The first way is to do an in place upgrade of an installed Windows 7/8/8.1 (either via Windows update, or by a downloaded Windows 10). During the upgrade a program called gatherosstate is ran on the previous operating system creating a file called genuineticket.xml. This xml files carries over to the Windows 10 installation and that file provides the initial request for activation that gets passed to Microsoft activation servers along with a matching unique computer hardware ID. The Microsoft activation server grants the activation and stores it along with the unique computer hardware ID. The hardware ID is calculated by Windows 10 and each computer (each motherboard, really) will have a unique hardware ID. That is how activations get "registered", not through your Microsoft account.

    The November update allows an activation to be created by the product key alone from Windows 7/8/8.1. The product key can be entered manually, or Windows 10 can read a product key stored in computer bios during installation. When Windows 10 activation is requested by using a Windows 7/8/8.1 product key, that activation request is passed to Microsoft servers as a digital entitlement request just like the in-place upgrade activations are and the activation is granted and stored by the Microsoft Activation server along with the matching unique hardware ID. Nothing physically happens to the Windows 7/8/8.1 product key after upgrading to Windows 10. You are still able to use it legally in accordance with the previous EULA (License Agreement) and the Windows 10 EULA (IE, can't use the old Windows 7/8/8.1 and the new Windows 10 at the same time). But Microsoft does not deactivate the old Windows 7/8/8.1 product key in any way.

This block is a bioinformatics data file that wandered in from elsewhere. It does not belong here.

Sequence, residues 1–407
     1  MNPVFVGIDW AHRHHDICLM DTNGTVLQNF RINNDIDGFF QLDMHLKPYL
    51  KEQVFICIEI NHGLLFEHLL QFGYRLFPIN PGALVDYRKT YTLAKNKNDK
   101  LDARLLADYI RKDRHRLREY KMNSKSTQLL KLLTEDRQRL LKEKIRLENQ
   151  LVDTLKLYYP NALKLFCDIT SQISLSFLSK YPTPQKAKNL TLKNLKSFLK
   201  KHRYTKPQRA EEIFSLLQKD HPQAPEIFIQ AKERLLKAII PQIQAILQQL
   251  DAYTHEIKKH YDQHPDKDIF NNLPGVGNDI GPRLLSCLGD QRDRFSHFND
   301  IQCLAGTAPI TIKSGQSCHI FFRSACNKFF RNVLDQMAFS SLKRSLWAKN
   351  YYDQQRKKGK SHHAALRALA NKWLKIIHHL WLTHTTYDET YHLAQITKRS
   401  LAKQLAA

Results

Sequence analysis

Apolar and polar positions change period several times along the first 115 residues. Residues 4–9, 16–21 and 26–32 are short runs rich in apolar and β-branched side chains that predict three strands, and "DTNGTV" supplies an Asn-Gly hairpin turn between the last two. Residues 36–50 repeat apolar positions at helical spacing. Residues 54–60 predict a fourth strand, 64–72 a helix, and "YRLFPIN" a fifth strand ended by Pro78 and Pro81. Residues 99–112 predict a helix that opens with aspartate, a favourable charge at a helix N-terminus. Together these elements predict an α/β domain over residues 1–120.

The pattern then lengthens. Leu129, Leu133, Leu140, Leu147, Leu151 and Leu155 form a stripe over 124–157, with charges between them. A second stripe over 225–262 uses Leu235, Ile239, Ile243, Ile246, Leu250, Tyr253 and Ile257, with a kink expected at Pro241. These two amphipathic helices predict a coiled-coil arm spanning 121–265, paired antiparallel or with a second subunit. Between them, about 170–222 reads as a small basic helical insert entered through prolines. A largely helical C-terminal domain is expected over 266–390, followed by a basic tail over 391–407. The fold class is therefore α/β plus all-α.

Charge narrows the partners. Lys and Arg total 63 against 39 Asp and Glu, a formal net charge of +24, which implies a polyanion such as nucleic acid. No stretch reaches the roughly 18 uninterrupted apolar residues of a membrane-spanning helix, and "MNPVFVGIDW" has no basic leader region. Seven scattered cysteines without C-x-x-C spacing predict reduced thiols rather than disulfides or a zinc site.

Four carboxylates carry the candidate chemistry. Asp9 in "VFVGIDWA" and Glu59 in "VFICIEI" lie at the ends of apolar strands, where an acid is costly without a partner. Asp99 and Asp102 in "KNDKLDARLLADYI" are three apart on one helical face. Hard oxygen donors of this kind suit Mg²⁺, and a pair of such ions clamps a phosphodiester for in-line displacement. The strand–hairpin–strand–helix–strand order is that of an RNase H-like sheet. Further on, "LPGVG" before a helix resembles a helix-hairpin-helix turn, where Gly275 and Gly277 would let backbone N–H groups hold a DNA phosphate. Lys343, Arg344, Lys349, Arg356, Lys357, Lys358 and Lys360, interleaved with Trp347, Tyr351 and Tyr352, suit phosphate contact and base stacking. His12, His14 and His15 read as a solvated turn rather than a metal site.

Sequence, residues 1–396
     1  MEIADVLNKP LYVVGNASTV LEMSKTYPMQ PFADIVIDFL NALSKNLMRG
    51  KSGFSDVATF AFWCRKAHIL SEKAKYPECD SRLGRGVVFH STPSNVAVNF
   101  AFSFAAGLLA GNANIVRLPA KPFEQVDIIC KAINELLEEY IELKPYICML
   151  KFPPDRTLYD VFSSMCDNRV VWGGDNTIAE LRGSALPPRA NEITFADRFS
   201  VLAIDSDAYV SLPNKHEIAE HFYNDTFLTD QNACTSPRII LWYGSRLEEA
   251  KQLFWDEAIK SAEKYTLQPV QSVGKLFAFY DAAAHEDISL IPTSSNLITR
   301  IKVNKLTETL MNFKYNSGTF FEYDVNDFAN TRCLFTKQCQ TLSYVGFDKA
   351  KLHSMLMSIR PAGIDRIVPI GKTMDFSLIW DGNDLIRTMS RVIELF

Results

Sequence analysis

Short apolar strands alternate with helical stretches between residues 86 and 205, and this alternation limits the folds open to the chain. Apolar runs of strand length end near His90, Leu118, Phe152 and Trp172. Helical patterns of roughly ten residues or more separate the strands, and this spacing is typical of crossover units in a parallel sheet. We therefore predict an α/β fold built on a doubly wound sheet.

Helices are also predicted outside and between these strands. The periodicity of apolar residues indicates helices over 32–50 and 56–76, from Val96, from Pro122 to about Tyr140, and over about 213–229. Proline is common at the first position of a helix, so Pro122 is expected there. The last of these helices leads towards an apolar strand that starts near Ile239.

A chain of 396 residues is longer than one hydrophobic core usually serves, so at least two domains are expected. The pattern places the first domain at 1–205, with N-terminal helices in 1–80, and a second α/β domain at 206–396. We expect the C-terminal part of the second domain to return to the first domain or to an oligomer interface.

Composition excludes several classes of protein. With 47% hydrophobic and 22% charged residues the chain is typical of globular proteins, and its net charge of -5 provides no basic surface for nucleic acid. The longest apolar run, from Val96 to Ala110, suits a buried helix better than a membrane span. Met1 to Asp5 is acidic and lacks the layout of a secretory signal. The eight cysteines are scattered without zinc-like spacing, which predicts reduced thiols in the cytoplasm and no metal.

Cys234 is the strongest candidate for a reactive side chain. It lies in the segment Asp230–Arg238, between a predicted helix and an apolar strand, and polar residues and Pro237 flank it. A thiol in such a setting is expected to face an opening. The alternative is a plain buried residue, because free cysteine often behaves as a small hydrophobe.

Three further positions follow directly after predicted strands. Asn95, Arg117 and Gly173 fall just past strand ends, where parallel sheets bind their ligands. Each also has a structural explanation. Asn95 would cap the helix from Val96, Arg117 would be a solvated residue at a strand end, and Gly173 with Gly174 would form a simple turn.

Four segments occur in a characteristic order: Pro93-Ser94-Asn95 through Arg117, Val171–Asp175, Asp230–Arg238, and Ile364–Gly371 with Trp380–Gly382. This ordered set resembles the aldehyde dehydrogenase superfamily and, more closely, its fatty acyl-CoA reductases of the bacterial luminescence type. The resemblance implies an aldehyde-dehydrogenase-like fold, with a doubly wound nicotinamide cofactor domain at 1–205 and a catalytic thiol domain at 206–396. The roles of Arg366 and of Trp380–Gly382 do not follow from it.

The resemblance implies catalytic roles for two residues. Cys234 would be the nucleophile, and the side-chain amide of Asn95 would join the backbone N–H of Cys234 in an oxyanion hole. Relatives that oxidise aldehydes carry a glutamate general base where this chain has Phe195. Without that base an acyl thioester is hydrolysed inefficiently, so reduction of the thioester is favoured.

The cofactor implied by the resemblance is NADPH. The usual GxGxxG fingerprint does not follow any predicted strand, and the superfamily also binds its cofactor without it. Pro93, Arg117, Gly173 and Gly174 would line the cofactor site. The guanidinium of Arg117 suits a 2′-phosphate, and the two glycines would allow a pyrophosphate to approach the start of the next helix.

When you get a digital entitlement through an upgrade you do get a Windows 10 product key, but it is generic. Everyone gets the same product key for the same version of Windows 10 coming from an upgrade. There is one good use for the Pro generic product key. If you have a computer that originally had Windows 8 Home and the product key for Windows 8 Home is stored in bios and you purchased the Windows 8 Pro upgrade. If you do an in-place upgrade from Windows 8 Pro to Windows 10, you will get Windows 10 Pro just like you should. BUT, if you later do a clean install of Windows 10 on the same computer, the first thing that Windows 10 will use is the Windows 10 Home product key stored in bios and you will get Windows 10 Home installed and activated based on the product key in bios. Currently Windows 10 Home will not accept the Windows 8 (or 7) Pro product key to upgrade to Windows 10 Home to Pro. But it will accept the Windows 10 Pro generic product key to trigger the upgrade. Then the Windows 10 Pro will go to the Microsoft activation server and retrieve the previous activation for Pro stored on it by sending the unique hardware ID and matching it with the hardware ID already stored there.